Purity Ring – Shrines | DOA

Purity Ring – Shrines

Purity Ring - Shrines

Purity Ring – Shrines

Targeting an audience that I believe includes even themselves showing a thorough enjoyment of their craft, Purity Ring swells beautifully with their debut album, Shrines, available now on 4AD records. Dispersing out of rival sound mates, Gobble Gobble and Born Gold, Purity Ring is a duo made up of Montreal, Quebec natives Corrin Roddick and Megan James. Dreamy at times (Crawlersout), with shimmering synths and picturesque melodies, there is a haunting beauty, almost terrifying, that surrounds the listener, almost as if one is sitting inside a sonic cocoon while taking it all in. Purity Ring show mature characteristics in their ability to navigate the synth programming, layered with lush vocals and careful drum beats. Roddick’s main instrument is the drums and more distinctively, percussion, which showcases itself in a revitalizing manner, uniting their synth pop house vibe with vivid and grand vocal frills. Their live shows include Roddick and James situated behind a lighted trigger system, which acts as a frantic light show and instrumental vehicle. Their first live show was performed at Sled Island in 2011.

Each track on Shrines provides a personified look into the interwoven lyrical concepts and the dynamic build-up of the complex rhythms and lo-fi bass drops. “Grandloves” half-time feel interrupts the mechanics of some of the previous songs on the record with an airy yet pulsing beat. The song flawlessly balances James and Roddick’s vocals. “I’m in love with truth, sick and tired of this youth, and thinking that you’ve fallen but you’re stone when you’re holding me” sings Roddick with a morsel of honesty. Most of the lyrical concepts include poignant visual imagery and honest, metaphorical groans. I was pleasantly surprised when the lyrical nature of the songs coincided with the timing and dynamics of the music. As in moments such as, “Lofticries” when the beat stops for a measure only to enter with James’s sultry voice echoing, “you must be hovering over yourself, watching us trip on each other’s sides.” It is quite a spiritual moment when you allow that line to sink in only then to hear the beat re-enter and the bass drop back in. Truly hovering over yourself as if in a dream there is little left to be desired with this album.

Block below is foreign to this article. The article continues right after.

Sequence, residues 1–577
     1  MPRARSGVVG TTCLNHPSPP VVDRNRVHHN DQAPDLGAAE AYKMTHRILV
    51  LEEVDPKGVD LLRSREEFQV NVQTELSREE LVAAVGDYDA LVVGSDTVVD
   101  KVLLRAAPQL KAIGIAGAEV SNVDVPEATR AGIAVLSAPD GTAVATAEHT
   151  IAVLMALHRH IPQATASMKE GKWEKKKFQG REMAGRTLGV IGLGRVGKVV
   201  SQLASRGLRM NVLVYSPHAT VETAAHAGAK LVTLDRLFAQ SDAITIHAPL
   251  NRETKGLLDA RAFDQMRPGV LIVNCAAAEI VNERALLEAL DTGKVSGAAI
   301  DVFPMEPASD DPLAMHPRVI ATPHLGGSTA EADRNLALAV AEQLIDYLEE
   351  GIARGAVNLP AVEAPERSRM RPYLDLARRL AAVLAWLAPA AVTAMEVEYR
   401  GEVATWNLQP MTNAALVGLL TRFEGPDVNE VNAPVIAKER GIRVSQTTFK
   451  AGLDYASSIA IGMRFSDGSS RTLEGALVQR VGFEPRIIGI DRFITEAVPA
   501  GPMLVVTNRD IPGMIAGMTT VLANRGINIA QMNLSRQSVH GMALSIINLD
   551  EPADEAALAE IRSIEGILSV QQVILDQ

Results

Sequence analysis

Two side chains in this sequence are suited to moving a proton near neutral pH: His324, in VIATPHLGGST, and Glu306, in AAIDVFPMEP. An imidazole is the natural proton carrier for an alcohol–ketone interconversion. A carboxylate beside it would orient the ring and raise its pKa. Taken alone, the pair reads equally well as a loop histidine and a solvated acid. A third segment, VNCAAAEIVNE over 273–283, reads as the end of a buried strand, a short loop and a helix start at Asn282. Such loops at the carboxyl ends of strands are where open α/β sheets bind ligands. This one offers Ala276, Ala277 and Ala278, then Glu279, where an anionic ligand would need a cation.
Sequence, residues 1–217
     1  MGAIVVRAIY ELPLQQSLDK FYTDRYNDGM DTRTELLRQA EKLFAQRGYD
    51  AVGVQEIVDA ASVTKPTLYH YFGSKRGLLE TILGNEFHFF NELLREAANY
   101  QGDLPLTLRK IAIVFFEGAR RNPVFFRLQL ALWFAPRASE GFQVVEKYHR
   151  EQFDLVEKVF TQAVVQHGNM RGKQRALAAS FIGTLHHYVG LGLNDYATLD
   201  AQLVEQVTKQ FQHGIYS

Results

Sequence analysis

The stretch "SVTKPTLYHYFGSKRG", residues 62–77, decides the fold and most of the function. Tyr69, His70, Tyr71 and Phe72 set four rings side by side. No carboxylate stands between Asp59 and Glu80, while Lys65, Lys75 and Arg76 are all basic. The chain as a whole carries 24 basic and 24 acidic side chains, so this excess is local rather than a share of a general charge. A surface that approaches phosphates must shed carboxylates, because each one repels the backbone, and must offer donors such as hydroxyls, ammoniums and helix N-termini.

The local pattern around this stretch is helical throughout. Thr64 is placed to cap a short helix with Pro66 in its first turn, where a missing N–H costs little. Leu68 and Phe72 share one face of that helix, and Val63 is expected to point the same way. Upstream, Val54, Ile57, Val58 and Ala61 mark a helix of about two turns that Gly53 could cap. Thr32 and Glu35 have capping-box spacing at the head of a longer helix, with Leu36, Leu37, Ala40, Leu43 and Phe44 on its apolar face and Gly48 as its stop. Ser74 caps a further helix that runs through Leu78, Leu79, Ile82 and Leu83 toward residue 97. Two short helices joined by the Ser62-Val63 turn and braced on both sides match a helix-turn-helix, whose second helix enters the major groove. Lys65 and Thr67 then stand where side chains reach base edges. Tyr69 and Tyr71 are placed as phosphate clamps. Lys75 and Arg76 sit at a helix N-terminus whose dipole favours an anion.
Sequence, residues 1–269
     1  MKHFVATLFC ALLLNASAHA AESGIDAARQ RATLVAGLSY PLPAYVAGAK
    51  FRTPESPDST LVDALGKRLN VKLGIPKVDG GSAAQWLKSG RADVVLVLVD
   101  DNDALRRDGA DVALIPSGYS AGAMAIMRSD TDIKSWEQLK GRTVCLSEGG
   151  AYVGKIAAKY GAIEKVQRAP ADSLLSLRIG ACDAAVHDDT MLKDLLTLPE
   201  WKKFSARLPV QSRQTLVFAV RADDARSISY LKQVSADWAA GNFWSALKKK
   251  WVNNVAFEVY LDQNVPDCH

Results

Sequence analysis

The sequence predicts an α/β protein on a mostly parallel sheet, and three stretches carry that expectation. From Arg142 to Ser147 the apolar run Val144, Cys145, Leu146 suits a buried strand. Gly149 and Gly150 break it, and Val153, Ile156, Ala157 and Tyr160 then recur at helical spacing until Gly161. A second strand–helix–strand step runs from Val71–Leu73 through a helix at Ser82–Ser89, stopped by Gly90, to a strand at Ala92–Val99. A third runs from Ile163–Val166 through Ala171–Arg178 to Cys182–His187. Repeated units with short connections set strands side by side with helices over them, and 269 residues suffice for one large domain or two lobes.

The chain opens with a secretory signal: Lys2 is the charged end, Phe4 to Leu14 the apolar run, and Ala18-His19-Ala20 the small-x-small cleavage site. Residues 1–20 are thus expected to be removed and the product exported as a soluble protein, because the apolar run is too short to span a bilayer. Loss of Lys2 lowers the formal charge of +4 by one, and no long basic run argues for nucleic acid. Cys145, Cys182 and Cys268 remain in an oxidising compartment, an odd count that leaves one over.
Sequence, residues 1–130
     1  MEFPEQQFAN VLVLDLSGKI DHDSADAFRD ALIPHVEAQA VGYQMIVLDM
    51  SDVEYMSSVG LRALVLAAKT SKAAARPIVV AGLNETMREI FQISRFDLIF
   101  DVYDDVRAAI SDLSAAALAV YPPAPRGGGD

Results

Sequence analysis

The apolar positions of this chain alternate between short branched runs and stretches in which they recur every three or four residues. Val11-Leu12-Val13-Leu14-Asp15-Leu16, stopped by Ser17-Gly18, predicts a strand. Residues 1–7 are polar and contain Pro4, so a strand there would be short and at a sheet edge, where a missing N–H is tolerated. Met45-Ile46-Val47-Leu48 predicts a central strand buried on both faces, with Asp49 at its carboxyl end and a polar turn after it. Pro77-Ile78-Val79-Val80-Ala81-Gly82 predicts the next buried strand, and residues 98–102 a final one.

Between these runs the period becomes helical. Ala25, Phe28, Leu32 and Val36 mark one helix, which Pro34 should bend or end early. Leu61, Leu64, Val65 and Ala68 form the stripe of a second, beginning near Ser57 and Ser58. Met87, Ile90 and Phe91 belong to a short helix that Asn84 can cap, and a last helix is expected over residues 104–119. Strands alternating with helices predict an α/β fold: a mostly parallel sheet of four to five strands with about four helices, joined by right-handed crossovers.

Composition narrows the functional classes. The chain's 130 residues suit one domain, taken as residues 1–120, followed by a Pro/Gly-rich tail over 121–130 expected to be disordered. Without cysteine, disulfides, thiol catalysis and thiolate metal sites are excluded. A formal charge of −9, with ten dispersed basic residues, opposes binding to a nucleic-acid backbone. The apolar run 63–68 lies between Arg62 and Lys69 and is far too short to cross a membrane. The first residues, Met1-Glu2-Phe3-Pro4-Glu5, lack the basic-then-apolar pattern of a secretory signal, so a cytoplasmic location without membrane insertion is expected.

Often confused for busyness, there is a bit of monotony as the album progresses however, with each song portraying some of the same qualities. But for a debut album I think this is a valiant effort and it will be found slowly integrating into my musical repertoire especially with songs like, “Grandloves” and “Lofticries”. The post-dub step sound executes stunningly with bouts of auto-tune vocals and purely expressed synth melodies, which ultimately will situate nicely with anyone who likes a nice floaty groove.

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